The term “force protection” entered the American military vernacular in the late 70’s and 80’s in response to several events. One of the key drivers, though not the only driver, was the activities of the Red Army Faction or “Baader Meinhof Group”. This group was responsible for several bombings, assassinations, & kidnappings over three decades. As US bases and US military personnel were frequently the targets of these attacks (as well as attacks from other groups), the need to develop specific plans to protect ‘the rear’ began to be articulated. In effect, ‘the rear’ was no longer the rear.
Military organizations have always been aware of the concept of ‘protecting the rear’ or ‘covering your flank.’ However, the asymmetric, unpredictable aspects of these attacks put the military in the position of having to explicitly define a process for protection of assets that were not traditionally in harm’s way. Further, by naming and mandating the process, it was clear that some percentage of resources originally intended for forward operations would need to be diverted to support force protection. This was a shift in thinking.
I believe a similar thing could be occurring with managing information risk and security in small to medium-sized businesses (SMB’s). Relatively suddenly, these businesses are finding themselves in hostile territory and if they want to stay in business, then they must dedicate some operational resources — whether marketing, production, R&D, revenue, etc — to support these protective and risk-lowering activities.
Early Marine Corps doctrine on force protection
I found a Marine Corps publication, “AntiTerrorism/Force Protection Campaign Plan” from 1998 that presents some operational concepts that could be helpful analogies to the issue of information risk and security for SMB’s.
The publication provides some definition of force protection:
In its purest sense, force protection is an overarching concept. It includes those procedural, training, equipment and leadership principles necessary to ensure … safety and well-being … In essence, force protection is an inherent function of [leadership] and as such should be an integral part of the way we do business on a daily basis.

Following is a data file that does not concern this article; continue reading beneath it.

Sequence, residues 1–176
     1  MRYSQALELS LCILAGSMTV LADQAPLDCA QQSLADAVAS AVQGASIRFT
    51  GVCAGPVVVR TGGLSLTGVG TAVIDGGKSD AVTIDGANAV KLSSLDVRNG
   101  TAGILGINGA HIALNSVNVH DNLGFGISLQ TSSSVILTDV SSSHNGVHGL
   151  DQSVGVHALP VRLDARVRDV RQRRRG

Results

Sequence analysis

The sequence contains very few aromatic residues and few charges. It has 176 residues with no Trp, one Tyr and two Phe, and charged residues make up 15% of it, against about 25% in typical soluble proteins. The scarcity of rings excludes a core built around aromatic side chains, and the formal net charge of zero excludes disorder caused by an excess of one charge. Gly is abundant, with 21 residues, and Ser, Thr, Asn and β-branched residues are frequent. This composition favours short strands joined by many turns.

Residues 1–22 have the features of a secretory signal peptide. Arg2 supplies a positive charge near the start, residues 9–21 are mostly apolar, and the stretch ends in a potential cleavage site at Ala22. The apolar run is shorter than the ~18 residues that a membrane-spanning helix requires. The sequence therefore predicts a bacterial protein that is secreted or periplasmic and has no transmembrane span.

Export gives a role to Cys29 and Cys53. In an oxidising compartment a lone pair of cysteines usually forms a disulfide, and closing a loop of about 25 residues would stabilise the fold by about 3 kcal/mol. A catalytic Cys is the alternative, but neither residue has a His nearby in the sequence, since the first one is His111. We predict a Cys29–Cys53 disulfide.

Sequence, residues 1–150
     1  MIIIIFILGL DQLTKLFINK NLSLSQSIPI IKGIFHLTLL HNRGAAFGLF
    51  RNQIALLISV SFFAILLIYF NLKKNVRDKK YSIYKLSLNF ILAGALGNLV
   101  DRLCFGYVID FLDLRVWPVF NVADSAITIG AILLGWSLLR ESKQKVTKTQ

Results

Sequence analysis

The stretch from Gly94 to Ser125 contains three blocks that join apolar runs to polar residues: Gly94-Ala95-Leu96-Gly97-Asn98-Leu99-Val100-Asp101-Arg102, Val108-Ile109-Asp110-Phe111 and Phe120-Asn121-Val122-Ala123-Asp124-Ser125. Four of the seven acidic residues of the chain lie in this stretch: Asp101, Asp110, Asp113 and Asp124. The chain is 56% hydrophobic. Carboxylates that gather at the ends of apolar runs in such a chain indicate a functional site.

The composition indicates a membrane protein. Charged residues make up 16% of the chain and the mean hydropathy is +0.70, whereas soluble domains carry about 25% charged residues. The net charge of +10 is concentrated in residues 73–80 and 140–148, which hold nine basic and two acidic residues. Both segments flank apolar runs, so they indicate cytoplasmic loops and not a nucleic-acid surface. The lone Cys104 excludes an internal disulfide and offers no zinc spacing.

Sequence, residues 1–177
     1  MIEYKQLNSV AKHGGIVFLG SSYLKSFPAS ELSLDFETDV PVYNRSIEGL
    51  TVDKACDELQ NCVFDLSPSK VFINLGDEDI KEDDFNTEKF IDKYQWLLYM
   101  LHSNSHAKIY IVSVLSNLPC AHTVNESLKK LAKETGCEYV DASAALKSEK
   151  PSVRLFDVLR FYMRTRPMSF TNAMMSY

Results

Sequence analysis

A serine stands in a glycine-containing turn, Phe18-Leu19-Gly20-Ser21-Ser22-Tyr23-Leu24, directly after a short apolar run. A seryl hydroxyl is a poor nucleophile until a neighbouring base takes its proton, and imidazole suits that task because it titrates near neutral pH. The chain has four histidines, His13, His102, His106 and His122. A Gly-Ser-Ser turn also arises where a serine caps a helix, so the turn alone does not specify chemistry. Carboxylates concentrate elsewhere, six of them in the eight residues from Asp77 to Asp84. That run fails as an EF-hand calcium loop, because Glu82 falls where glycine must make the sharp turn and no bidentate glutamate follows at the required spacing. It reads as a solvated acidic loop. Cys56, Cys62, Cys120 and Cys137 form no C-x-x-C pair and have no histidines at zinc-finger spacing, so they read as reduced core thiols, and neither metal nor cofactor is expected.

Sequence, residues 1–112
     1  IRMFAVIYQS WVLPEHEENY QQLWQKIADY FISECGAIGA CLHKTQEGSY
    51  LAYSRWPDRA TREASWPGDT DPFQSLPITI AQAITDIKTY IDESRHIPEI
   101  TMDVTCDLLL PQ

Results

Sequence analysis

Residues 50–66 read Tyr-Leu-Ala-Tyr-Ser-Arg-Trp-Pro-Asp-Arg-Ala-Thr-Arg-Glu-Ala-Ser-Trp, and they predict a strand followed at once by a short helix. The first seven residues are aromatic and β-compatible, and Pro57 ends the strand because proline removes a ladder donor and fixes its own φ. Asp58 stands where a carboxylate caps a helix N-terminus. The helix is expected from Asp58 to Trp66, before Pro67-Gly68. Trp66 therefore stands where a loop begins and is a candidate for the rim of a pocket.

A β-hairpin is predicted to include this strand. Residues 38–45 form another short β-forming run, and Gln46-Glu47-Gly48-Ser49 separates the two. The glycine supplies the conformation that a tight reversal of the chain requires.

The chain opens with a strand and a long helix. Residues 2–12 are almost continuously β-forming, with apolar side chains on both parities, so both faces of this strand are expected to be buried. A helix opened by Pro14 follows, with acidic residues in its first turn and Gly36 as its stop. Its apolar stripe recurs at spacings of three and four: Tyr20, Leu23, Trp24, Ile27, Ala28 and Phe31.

Similarity in threat analysis
It goes on to describe analysis of the threat as considering a stool with three legs — Does the enemy have
We can apply similar analysis to SMB information risk.
- Does ‘the enemy’ (criminals or nation-state actors) have motivation to attack or compromise an SMB’s information assets? Yes, certainly. A successful attack provides, 1) potential revenue, 2) an attack point for attacks on other, possibly larger, more lucrative businesses
- Do they have the means? Yes. They have readily available computers, pre-built networks for attacks, often anonymity, and sometimes protection from their parent state (country)
- Do they have the opportunity? Yes. There are many poorly protected and non-resilient SMB computer networks available for attack.
|Marine Corps operational doctrine on force protection (from 1998)
||Potential analogies in SMB information risk management
|“Force protection is an operational aspect of every mission …”
||For example, resources are shifted away from marketing, R&D, production, etc to support SMB’s information infrastructure
|Work to “eliminate the belief [by the enemy] that opportunity [for attack] exists”
||Employ basic measures such as anti-virus, firewalls, managed/standardized computers, and awareness education to create an unappealing risk/value proposition for potential attackers
|“The value of alarms and drills…[Leaders] at every level should develop recognizable alarms for potential emergencies and critical incidents.”
||Rehearse disaster recovery and business continuity plans. Practice activities such as data recovery tests.
The US military found itself in a position of having to develop and evolve a practice to address a fairly sudden new threat that was also evolving, as well as unconventional, and unpredictable. Similarly, to remain relevant and to maximize their respective opportunities for success, I believe that SMB’s need to, in some manner, introduce information risk and security management into their daily activities as well.
Do you think there is currently motivation, means, and opportunity to attack your business?